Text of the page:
Amid the news that Maryland's general fund revenues in January were down by 8 percent from January 2008, O'Malley administration officials said they need to make sure the state can afford its commitments over time. The governor's staff is going through the fine print of the stimulus package to figure out how much flexibility states have. O'Malley said preserving education funding is his No. 2 priority, behind saving the jobs of 700 state workers facing the prospect of layoffs.
"I think the bottom line is, we need to make sure that whether the dollars are federal or whether the dollars are state dollars that we continue to fund what is the best public school system in America," the governor said Tuesday, referring to the recent Education Week rankings that placed Maryland's public schools ahead of all other states. He spoke to reporters after an appearance at Germantown Elementary in Annapolis, where children waved large foam "Maryland Public Schools #1" gloves and a banner across the gymnasium stage promoted the ranking.
Depending on its interpretation, language in the stimulus might require O'Malley to back down from the proposed formula changes. The new law says the money "must first be used to restore state aid to school districts" under the funding formulas used either this academic year or last, whichever is higher. But the federal Department of Education can grant a waiver from that requirement.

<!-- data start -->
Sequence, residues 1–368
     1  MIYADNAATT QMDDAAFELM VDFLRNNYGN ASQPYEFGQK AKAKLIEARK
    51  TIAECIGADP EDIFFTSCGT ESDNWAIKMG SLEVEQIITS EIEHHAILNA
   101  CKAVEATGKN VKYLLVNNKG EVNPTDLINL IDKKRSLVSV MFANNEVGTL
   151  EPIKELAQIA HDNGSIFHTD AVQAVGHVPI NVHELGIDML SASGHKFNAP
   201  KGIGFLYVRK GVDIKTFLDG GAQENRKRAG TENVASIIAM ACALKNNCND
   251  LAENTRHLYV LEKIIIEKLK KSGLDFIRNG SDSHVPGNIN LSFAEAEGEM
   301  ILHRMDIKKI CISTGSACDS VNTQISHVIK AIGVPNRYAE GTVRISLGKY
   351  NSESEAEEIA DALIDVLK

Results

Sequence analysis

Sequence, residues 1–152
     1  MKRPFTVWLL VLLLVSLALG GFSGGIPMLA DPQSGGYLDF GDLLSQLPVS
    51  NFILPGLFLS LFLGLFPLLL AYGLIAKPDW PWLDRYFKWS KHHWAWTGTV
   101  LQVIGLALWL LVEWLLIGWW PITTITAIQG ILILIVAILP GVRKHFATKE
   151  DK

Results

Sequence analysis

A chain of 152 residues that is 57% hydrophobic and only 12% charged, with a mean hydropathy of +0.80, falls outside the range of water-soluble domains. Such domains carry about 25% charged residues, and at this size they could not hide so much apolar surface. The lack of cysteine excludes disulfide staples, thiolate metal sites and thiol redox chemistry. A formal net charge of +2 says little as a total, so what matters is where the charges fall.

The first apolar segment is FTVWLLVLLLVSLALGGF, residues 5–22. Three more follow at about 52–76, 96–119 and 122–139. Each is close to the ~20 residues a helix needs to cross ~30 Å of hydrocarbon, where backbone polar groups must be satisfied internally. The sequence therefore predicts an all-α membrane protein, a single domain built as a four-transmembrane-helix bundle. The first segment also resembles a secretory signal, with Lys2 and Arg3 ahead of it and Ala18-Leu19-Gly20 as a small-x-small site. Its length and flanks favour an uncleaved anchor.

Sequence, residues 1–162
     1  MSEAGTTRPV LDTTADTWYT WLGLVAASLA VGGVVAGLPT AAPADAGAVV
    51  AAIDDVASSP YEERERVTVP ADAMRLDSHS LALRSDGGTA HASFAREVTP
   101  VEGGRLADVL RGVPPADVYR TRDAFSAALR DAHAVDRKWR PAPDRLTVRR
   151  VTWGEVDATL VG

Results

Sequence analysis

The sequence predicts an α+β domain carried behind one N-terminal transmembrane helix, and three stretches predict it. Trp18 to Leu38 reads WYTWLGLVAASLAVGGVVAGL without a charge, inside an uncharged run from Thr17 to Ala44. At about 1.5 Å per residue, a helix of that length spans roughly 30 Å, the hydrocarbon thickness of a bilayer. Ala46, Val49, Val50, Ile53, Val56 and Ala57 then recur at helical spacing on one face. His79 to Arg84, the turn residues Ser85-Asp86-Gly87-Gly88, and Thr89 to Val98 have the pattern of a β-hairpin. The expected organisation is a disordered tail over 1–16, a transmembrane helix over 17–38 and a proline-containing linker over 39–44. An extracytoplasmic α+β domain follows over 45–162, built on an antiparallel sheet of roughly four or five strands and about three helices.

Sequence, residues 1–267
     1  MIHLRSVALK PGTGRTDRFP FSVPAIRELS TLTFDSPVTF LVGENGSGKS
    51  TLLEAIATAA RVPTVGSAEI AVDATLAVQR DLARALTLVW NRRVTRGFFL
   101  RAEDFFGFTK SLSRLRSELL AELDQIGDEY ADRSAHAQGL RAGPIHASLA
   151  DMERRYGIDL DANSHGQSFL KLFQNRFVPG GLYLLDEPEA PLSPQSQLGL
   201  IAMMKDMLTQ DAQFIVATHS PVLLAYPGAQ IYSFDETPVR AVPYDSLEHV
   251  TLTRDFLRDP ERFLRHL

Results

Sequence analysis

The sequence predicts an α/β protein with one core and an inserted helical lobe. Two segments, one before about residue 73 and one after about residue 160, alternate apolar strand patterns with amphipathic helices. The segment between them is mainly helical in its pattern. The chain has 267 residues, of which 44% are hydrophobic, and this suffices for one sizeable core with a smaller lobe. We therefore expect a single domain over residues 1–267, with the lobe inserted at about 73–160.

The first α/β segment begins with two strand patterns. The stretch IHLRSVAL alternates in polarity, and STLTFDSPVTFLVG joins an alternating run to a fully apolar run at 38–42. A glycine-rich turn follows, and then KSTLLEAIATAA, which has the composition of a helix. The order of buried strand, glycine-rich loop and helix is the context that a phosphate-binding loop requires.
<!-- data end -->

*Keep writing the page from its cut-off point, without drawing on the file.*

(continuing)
The $1.1 billion for Maryland schools contains money earmarked for specific purposes, namely $208 million for special education and $179 million for extra programming in high-poverty schools. But the bulk of the money, $721 million, is meant to prevent budget cuts in K through 12 and in higher education.
The Baltimore Education Coalition was formed a few weeks ago as BUILD reached out to other organizations. Its members include the local branches of the American Civil Liberties Union and the NAACP and the Baltimore Algebra Project, a tutoring and advocacy group. In 1994, the ACLU sued the state on the grounds that it was unlawfully underfunding Baltimore schools and depriving students of their constitutional right to an adequate education. The lawsuit, still under the jurisdiction of the Baltimore Circuit Court, led to the passage of the state's Thornton law, which sent $1.3 billion in new money to Maryland schools between 2002 and 2008.